The National Security Agency’s “CryptoKids” website uses cartoon characters to recruit future codemakers and codebreakers.
I’m a freelance science and technology journalist based in San Francisco. I was the information technology editor at MIT’s Technology Review from 2005 to 2009, where I wrote more than 350 stories about emerging technologies in areas that include computers, mobile devices, displays, communication networks, Internet startups, and more.
I was an integral part of a technology trend-spotting team, highlighting early work in reality mining, plasmonics, adaptable networks, and racetrack memory. I’ve contributed to The Economist, U.S News & World Report, Gizmodo, New Scientist, Science News, and SELF, among other publications. And I’m currently working on a book with Nathan Eagle called Reality Mining: Using Big Data to Engineer a Better World (MIT Press).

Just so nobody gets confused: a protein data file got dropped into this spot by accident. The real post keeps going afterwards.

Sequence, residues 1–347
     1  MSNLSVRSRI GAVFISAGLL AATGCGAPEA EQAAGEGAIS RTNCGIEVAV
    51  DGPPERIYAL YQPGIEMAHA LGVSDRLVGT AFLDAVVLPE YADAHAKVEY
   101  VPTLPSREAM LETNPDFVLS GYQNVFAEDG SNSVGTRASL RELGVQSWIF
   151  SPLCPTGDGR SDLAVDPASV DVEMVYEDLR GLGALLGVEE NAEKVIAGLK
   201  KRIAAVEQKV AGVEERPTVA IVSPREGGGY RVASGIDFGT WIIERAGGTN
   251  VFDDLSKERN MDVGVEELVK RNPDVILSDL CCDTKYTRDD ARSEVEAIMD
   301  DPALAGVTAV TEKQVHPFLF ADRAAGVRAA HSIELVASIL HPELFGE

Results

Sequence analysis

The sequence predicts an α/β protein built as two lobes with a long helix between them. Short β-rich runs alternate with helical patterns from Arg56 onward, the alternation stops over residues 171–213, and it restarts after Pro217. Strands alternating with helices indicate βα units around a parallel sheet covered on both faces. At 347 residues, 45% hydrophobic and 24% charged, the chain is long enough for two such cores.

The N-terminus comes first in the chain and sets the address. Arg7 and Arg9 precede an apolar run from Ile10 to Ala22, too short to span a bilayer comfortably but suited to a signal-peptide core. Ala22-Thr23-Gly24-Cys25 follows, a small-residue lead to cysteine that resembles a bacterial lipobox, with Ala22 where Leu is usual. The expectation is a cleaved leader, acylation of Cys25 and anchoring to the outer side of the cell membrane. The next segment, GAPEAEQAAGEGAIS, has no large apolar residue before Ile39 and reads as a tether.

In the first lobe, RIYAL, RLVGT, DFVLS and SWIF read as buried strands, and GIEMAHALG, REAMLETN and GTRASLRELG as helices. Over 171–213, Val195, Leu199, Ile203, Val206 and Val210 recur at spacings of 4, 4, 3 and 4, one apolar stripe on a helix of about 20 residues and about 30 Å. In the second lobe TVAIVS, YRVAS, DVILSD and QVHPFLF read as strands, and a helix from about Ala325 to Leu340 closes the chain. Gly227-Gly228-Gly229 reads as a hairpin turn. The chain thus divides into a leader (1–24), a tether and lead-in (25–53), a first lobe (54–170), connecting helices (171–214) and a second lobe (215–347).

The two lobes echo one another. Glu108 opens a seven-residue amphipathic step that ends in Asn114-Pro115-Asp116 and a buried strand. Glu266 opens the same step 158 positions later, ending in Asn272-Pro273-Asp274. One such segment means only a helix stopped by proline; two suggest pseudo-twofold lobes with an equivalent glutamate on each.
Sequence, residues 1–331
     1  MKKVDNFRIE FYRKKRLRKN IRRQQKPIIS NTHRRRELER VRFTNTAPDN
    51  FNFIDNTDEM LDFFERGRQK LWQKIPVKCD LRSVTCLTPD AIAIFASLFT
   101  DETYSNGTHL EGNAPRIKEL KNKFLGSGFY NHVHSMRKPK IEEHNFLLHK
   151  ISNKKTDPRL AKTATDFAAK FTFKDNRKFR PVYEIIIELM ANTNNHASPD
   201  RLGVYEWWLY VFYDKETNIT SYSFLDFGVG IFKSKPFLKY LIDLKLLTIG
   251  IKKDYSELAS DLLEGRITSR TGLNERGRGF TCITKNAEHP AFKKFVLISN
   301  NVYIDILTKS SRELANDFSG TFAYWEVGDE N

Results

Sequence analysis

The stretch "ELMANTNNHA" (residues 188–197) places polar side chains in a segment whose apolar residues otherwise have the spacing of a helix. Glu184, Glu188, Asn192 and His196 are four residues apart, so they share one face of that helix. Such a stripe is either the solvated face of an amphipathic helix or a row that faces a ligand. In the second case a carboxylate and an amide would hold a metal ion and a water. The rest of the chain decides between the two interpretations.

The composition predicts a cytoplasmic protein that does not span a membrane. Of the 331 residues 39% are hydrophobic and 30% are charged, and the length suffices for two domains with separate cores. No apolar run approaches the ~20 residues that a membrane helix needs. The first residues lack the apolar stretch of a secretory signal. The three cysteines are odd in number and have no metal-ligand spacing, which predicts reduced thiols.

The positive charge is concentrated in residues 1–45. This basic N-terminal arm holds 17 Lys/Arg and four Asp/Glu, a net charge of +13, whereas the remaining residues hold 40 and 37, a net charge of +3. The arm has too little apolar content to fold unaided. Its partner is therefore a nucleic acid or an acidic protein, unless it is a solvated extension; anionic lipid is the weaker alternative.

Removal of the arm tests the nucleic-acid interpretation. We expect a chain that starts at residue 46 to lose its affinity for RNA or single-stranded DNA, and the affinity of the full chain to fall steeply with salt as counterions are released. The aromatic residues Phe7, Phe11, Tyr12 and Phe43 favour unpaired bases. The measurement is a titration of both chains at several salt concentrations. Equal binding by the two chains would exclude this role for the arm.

Kate Greene's Stories
The software behemoth plans to sell computer security software. Is this a good thing?
Fluid droplets could replace plastic lenses in cell-phone cameras, banishing blurry photos.
President Bush's 2007 budget boosts the physical sciences, but cuts money for cancer research and other biomedical programs.
Tech companies are looking to curb their enormous appetite for electricity.
Newly approved Wi-Fi standards should give a boost to the wireless industry -- and likely expand media in the home.
Jeff Jonas is an IBM engineer who specializes in software that infuses powerful search technology with anonymity.
Intel has announced its next generation of chip: with more than one billion transistors.
Lasers that "hide" messages could mean more foolproof security.
To grow viable organs in the lab, biologists are going beyond the genetics of development to study the physics and mechanics of cells in the early embryo.